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Recently I discussed an experiment with a friend. Assume we start a random experiment. At first there is an array with size $100,000$, all set to $0$. We calculate at each round a random number modulo $2$ and select one random position in that array. If the number in the array is $1$, nothing is changed and otherwise the pre-computed value is set. The question is: how many distinct hash values would we have added in $1$%, $5$%, $50$%, $95$%, $99$% of all cases?

Example: $4$ rounds with array of size $10$:

Array                     Position   random number
[0,...,0]                    5              0
[0,...,0]                    7              1
[0,...0,1,0,0,0]             6              1
[0,..0,.1,1,0,0,0]           6              0
[0,..0,.1,1,0,0,0]           2              0

First we considered this a somehow simple problem, but after thinking for some hours, searching the web, and asking some math students, we couldn't find a solution. Do you know a probability distribution for this problem?

Remark: Was also posted on Math Overflow and got its answer there.

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FYI, I wouldn't post this on MO. I made the same mistake, thinking it was the StackOverflow for Math. If you read the faq it is not. – Jonathan Fischoff Jul 25 '10 at 23:11
"The question is: how many distinct hash values would we have added in 1%, 5%, 50%, 95%, 99% of all cases?" I'm afraid I don't understand the question - there are no hash values involved here. Also, what do you mean by "what would we have added" and "in 1% of cases?" Are you asking the average number of values needed to generate to fill 1% of the array, or the average percent of the array filled after generating x values? – BlueRaja - Danny Pflughoeft Jul 25 '10 at 23:27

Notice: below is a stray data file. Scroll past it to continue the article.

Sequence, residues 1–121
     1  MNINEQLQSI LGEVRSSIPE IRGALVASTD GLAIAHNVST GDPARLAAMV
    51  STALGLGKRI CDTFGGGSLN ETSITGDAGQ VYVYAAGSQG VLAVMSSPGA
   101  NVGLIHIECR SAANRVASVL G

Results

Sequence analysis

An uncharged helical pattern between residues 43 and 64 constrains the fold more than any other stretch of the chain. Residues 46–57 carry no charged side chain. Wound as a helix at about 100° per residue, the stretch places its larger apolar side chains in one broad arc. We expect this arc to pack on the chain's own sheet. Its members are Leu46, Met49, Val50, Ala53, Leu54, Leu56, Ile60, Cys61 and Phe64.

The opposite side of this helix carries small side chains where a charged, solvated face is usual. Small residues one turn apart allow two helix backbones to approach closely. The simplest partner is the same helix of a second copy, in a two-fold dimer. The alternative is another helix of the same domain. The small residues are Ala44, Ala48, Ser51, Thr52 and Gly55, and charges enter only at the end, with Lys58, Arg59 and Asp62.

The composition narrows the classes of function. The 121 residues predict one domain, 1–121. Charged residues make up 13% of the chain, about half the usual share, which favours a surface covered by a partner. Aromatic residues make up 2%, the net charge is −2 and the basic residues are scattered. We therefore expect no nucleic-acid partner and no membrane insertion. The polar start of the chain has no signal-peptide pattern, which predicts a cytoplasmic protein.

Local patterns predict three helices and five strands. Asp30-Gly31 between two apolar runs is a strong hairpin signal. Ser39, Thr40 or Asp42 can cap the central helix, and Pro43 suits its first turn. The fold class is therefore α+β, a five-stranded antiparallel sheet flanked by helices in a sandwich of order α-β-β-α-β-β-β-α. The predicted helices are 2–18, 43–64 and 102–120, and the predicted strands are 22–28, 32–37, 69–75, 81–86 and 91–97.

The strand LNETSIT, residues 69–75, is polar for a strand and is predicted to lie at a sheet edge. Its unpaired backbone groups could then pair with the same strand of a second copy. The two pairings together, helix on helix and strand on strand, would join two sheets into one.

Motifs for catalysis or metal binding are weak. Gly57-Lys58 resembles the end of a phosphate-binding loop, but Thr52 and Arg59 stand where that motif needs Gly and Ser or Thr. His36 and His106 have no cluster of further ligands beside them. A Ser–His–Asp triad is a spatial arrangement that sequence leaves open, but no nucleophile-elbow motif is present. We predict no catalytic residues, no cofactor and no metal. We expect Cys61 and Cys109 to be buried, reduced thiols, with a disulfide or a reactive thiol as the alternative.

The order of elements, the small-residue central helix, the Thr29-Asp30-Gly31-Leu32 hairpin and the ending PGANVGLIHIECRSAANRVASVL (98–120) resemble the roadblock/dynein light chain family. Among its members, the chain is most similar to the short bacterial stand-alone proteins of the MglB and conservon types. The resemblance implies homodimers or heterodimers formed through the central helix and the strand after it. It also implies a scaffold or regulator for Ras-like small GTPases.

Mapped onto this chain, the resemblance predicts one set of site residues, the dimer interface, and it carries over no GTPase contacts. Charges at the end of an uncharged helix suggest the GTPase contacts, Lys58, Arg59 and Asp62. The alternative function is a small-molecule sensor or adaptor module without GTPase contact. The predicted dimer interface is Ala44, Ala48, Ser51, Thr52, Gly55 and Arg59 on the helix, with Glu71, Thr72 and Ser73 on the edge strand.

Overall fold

It is not clear to me what your question is asking. It sounds like you want to choose a random position in the array, and if it is a 0, change it to a 1 with 50% probability. Then you want to find the distribution for the number of iterations it takes until the array contains n% 1's? Is that correct? – Larry Wang Jul 26 '10 at 0:22
This question has been answer-accepted on MO. What to do on this side? Someone copy the MO answer or just close it? – kennytm Aug 2 '10 at 8:03
From my point of view closing it would be the best alternative. – qbi Aug 2 '10 at 11:57
up vote 2 down vote accepted

As answered by T. on MathOverflow.

This is equivalent to (among other names) the Coupon Collector problem. Your are asking about the distribution of the number of coupons collected after t steps, when the total number of possible coupons is n.

ADDED: this and related distributions are also studied under other names such as Birthday Problem, random mappings, and random hashing. Kolchin-Sevastyanov-Chistyakov Random Allocations, Knuth The Art Of Computer Programming, vol. 2, and Flajolet & Sedgwick Analytic Combinatorics all discuss these problems and may contain the precise asymptotics of the distribution you are looking for.

III.10 in Flajolet and Sedgewick gives the Poisson answer $1−\exp(−t/n)$ when the ratio is held constant, but other asymptotic regimes are also of interest especially in hashing problems. Birthday problem is when $t=O(n^{1/2})$ and one gets statistics of the number of collisions. For t=n^k with 1/2

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